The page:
The bursting of the real estate bubble, depopulation and difficulties in finding jobs for young people. The same problems that Japan faced after the 1990s now seem to be hitting the once fast-growing Chinese economy hard. China’s consumer price index (CPI) turned negative in July, and warnings of deflation are rising. Is China following the same path as Japan?
Only China’s Prices Are Falling
While central banks in Japan, the U.S. and Europe are struggling to figure out how to deal with sticky inflation, China is facing a situation where it is taking the opposite response. Due to the lack of demand on the back of the real estate slump and other factors, prices are under downward pressure, and there is a possibility of “Japanization” that will not be able to get rid of low growth and low inflation.
As for the background of China’s economic downturn, in addition to the downturn in real estate, which accounts for a quarter of GDP, the export industry has been hit by a shift in global demand from goods to services as a result of the Shinkansen epidemic. In contrast to developed countries, Ryutaro Kono, chief economist at BNP Paribas Securities, pointed out that the complete lack of implementation of large-scale financial support, such as cash subsidies for households, has also weakened demand.
China’s decisive economic response after the Lehman crisis in 2008, which triggered problems such as a surplus of equipment, has left a bitter legacy. For better or for worse, the cautious approach to stimulating the economy through monetary and fiscal policies this time around has led to price trends that are different from those in Japan, the United States and Europe.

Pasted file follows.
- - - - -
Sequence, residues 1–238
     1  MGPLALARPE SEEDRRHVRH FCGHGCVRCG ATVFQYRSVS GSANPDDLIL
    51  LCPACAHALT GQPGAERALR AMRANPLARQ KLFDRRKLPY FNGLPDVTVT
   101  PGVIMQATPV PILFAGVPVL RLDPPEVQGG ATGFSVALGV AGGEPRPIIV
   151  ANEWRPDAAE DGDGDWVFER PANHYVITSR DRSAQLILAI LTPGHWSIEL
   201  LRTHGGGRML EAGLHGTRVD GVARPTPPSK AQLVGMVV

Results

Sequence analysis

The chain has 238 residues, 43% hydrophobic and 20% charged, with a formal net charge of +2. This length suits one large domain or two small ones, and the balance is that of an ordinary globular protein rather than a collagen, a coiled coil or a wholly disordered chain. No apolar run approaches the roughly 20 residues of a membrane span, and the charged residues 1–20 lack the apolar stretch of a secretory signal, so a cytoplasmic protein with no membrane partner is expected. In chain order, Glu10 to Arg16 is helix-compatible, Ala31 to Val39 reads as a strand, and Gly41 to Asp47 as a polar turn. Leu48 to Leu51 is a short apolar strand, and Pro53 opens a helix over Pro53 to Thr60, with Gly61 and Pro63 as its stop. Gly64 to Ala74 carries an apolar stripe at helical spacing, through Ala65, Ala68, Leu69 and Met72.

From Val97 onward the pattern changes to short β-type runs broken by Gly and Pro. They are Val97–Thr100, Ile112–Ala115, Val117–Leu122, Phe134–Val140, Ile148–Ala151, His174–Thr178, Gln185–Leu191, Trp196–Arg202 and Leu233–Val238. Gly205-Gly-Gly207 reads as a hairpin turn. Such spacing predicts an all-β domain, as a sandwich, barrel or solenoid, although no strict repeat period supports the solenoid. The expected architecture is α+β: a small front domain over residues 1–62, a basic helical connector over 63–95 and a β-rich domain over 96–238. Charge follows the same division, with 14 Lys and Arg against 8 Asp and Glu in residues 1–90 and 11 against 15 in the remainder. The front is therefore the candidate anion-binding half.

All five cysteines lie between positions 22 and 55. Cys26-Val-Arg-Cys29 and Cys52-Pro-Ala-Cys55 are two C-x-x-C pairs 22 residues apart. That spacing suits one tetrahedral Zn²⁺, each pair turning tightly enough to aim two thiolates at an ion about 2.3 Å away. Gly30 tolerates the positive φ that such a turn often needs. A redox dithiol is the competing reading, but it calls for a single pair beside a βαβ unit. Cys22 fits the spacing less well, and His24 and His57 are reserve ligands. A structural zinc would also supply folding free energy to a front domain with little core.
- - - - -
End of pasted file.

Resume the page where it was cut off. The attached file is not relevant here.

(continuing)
Declining Population Becomes the Main Cause of Deflation
The question is whether this downturn is only temporary. What will have a significant impact is the population decline that will intensify across the board in the future. China’s population has already begun to decline, and will decline by millions of people per year starting in the second half of the 2020s.
Kono said that China’s population of 25- to 34-year-olds, the core group of home buyers, had peaked in the second half of the 2010s. This is also similar to Japan, where the bubble burst around 1990, when the block generation (people born during the baby boom period of 1947-1949) reached the age of 35-44, which is the main group of home buyers. If housing demand continues to weaken structurally, the adjustment could last a long time.
Naohiko Baba, chief economist at Goldman Sachs Securities, said, “If we follow Japan’s experience, population decline will first bring deflation.” If expectations of economic contraction strengthen as a result of population decline, investment and consumption will be dampened and prices will fall. After a period of time, due to labor shortages, population decline converted into the main cause of inflation, but is now likely to become the main cause of deflation.